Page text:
Do You Know Your Foot Type? (And Why You Should)

Most of us are guilty of buying sneakers and footwear based on style and personal taste rather than function and support. But no two pairs of feet are created equal, and investing in the right pair of shoes for your foot type and orthopedic needs is one of the most important factors in minimizing your risk of pain and injuries. Here are a few helpful tips and tricks to make sure that your feet are getting enough support, especially during exercise and physical activity.

Know Your Type: Start with the Arch

There are three basic arch types: neutral, high, and low. If you have a neutral arch or gait, your foot is properly aligned and the weight and shocks of every step you take and distributed evenly, making it less likely that you'll succumb to common foot problems like plantar fasciitis, which is one of the leading causes of heel pain.
 
If you have a high arch (also known as cavus foot), the heel and ball of the foot bear an excessive amount of weight and pressure when you move, increasing the risk of repetitive strain injuries, inflammation, and pain. A low arch (or flat foot) usually causes the ankles to roll in towards each other when you walk or run (overpronation). Overpronators need additional support to keep the arches in alignment so that your heels and the balls of your feet are not working over time. You can buy sneakers with additional support, or your podiatrist may recommend custom molded orthotics (shoe inserts).
 

Signs You Are Wearing the Wrong Shoes for Your Feet

The most common symptom of a problem is pain, usually in the heels or the balls of your feet. However, if you're working out or walking around in shoes that don't offer enough support, you can also experience pain in other parts of your body in the form of shin splints, knee, or hip pain.
 
Here are a few more signs that it might be time to invest in a different pair of sneakers:
How to Figure Out Your Foot Type
 
Most sporting goods and athletic apparel stores offer a complimentary gait analysis, where you will walk in your bare feet so that a salesperson can evaluate how your arch moves as you walk and recommend the types of shoes that will offer the most support according to your foot type and level of activity. There are also quick and easy tests that you can perform at home if you are not sure of your foot type. If you have a very high or low arch, you can probably tell by looking at your foot, however, getting a professional analysis is always the best way to make sure you're getting the support you need to avoid pain and injuries.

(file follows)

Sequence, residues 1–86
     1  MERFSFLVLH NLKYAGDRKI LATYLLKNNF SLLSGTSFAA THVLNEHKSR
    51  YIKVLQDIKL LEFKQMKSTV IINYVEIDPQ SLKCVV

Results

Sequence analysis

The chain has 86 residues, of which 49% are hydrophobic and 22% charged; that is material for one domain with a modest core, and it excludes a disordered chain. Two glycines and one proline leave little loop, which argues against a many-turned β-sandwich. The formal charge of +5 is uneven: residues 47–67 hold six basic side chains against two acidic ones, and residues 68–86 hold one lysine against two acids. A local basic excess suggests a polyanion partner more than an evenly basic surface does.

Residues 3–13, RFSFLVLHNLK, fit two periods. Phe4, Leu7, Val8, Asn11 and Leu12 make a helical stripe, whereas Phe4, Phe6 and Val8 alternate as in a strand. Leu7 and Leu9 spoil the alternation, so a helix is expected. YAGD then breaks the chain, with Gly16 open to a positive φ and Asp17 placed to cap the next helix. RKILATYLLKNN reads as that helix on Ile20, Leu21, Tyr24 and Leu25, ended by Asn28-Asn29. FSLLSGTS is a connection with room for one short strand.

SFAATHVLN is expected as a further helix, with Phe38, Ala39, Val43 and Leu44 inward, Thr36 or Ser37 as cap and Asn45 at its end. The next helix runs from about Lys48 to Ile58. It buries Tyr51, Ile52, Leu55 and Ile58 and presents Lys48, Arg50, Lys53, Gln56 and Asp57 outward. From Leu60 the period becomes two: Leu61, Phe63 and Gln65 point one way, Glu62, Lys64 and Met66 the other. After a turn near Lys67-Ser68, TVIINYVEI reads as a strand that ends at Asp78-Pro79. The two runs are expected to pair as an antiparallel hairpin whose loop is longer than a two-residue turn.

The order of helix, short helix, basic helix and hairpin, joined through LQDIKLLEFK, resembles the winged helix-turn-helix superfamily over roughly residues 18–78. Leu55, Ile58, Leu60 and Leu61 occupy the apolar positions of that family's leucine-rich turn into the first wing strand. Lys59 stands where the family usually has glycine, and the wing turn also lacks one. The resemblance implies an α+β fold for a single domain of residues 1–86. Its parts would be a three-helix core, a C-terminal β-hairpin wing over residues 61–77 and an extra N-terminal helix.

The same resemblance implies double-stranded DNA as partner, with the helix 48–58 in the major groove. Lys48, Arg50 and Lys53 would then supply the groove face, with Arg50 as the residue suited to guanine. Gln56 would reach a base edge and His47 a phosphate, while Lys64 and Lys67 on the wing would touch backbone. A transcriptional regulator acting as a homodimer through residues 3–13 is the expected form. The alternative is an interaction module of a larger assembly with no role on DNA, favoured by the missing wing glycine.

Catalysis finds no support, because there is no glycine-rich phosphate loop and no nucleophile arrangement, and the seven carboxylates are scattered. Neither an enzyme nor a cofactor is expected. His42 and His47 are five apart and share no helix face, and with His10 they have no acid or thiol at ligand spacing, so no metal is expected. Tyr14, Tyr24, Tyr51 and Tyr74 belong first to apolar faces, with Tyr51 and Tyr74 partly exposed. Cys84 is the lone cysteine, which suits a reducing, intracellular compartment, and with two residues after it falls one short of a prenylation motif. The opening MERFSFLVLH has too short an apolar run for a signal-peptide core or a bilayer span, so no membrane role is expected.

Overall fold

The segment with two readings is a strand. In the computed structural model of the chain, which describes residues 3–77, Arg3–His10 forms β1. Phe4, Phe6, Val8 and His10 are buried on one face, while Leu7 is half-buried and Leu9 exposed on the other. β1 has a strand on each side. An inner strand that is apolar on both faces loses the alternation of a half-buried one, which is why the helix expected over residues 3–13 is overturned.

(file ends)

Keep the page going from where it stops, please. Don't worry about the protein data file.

When to See a Foot Doctor
 
A few aches and pain are common and normal, but you should never ignore ongoing heel or ankle pain, or symptoms like swelling or limited range of motion. If your pain or symptoms don't clear up in a few days or after rest and self-care methods like icing, schedule a foot exam to make sure you're not suffering from an injury.
 
 
Don't let pain get in the way of your physical activity and daily life. Contact us today to schedule your consultation in our podiatry office in Clifton, NJ.
Author
Dr. Petkov Dr. Velimir Petkov, is a trusted podiatrist practicing at Premier Podiatry in Clifton, NJ. He has over 10 years of experience treating residents of NYC and North NJ for a wide variety of foot and ankle conditions. He prides himself on practicing podiatry with a personalized approach. Patients of Dr. Petkov appreciate his willingness to spend time with them during appointments, educate them about their foot conditions, and provide customized treatment options.

You Might Also Enjoy...

Don't Let Flat Feet Lower Your Quality of Life

The term "flat feet" may sound amusing, but there's actually nothing funny about this chronic condition, also known as pes planus. Collapsed arches in one or both feet can cause foot strain, pain, and a variety of related musculoskeletal problems.

Foot Care and Women Over 50

Self-care has continuously been a topic that the healthcare industry promotes and for good reasons. With proper self-care, you can cope with life's challenges and ensure your body functions properly. Find out 5 easy ways to get your foot care back on track

Are Your Favorite Shoes Putting You at Risk for Bunions?

Bunions are a painful and unsightly foot problem that can make it difficult to walk, exercise, and even wear your favorite pair of shoes. Although factors like heredity and foot type can increase the likelihood of getting bunions, anyone can develop one.

What Can You Do About Gout?

Gout: It's Not Just a Rich Person's Disease. When you think of gout, do you picture some obese, elderly millionaire with his foot propped up on a pillow, wishing he had indulged himself a bit less?